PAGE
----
Aye, Robot

It's been compared with the Wright brothers' quest for flight and the Apollo moon mission. And now that the DARPA Grand Challenge has been met, it holds similar promise for sensor-rich autonomous robotics. "When the Wright brothers flew their little plane, they proved it could be done," said Dr. Tony Tether, director of the Defense Advanced Research Projects Agency (DARPA), after the first three vehicles crossed the finish line on October 8, 2005. "And just as aviation 'took off' after those achievements, so will the very exciting and promising robotics technologies displayed here today."

Two more robots had completed the course by the following day—an exciting gain from last year. When the first Grand Challenge was run in March 2004, the best contestant completed only 7.4 miles (about 5%) of the course; this time, 22 of the 23 finalists surpassed that distance.

 Barbara G. Goode
Barbara G. Goode

DARPA projects involve high risk and promise dramatic capability advances for the Department of Defense. The agency conceived the Grand Challenge to help meet a congressional mandate to supply the armed forces with autonomous vehicles by 2015. It's said that one third of ground forces aim to be self guided by then. To that end, the basic rules were:

  • 1. Travel autonomously on the ground and complete the course in less than 10 hours.
  • 2. Stay within boundaries defined by a data file given to teams just before the start.
  • 3. Use of GPS and other public signals is allowed, but control commands may not be sent to the vehicle while en route.

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When the finalist teams convened at Primm, Nevada (the start and finish point), in the pre-dawn hours they knew nothing of route specifics. At 3:30 a.m. each received a CD containing details; at 6:30 a.m. they set out on the 131.2 mile Mojave Desert course.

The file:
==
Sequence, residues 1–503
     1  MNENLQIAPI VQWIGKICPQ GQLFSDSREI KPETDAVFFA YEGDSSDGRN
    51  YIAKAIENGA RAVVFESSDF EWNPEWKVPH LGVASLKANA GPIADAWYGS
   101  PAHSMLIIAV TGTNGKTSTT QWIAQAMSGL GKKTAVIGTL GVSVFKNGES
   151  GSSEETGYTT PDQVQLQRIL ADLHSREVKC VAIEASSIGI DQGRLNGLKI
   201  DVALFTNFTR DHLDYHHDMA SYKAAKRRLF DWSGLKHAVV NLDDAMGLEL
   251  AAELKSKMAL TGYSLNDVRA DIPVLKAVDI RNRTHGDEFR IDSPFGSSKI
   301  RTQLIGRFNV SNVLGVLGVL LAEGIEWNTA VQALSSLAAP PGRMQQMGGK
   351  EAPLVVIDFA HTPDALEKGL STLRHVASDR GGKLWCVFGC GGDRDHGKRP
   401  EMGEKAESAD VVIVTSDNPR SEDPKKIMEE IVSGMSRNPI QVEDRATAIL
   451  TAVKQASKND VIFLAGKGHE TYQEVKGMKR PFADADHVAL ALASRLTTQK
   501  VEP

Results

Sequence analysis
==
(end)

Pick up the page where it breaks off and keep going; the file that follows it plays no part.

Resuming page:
Stanley, the 2005 Grand Challenge winner
Stanley, the 2005 Grand Challenge winner

Six hours, 53 minutes, and 58 seconds later the Stanford Racing Team's Volkswagen Touareg, Stanley, claimed the $2 million prize. Carnegie-Mellon's two red Hummers followed directly.

Novelist Megan Edwards observed from Primm, ". . . team members huddled around the plasma screens, especially when the first robot reached the treacherous Beer Bottle Pass. As I watched Stanley disappear out of camera view, I couldn't help thinking about Apollo spaceships disappearing behind the moon. Would the bot reemerge, or would it plunge permanently out of sight into a rocky gorge? When Stanley chugged around the corner back into view, even the most jaded old reporters cheered right along with all the geeks."

Spider, Cornell's  student-devised entry
Spider, Cornell's student-devised entry

Strether Smith, who reported on the 2004 Grand Challenge for Sensors, tracked the makeup of teams touting school names. "As far as I could tell there was no student participation in the Stanford car," says Smith. "By contrast, the Carnegie Mellon teams had significant student involvement, and Cornell's team was composed of all students except for the faculty advisor. The latter didn't finish, but I bet the kids learned more."

And learning is key. "The fact that so many vehicles actually met the challenge this year is a demonstration of the incredible engineering talent we have in the U.S.," notes MobileRobots (www.mobilerobots.com) CEO Jeanne Dietsch. "Advances in technologies like those exemplified in the Challenge turn into the new industries that create jobs for the rest of America."

Let's just say that the 2005 Grand Challenge had more than one winner—not the least of which is sensor technology.


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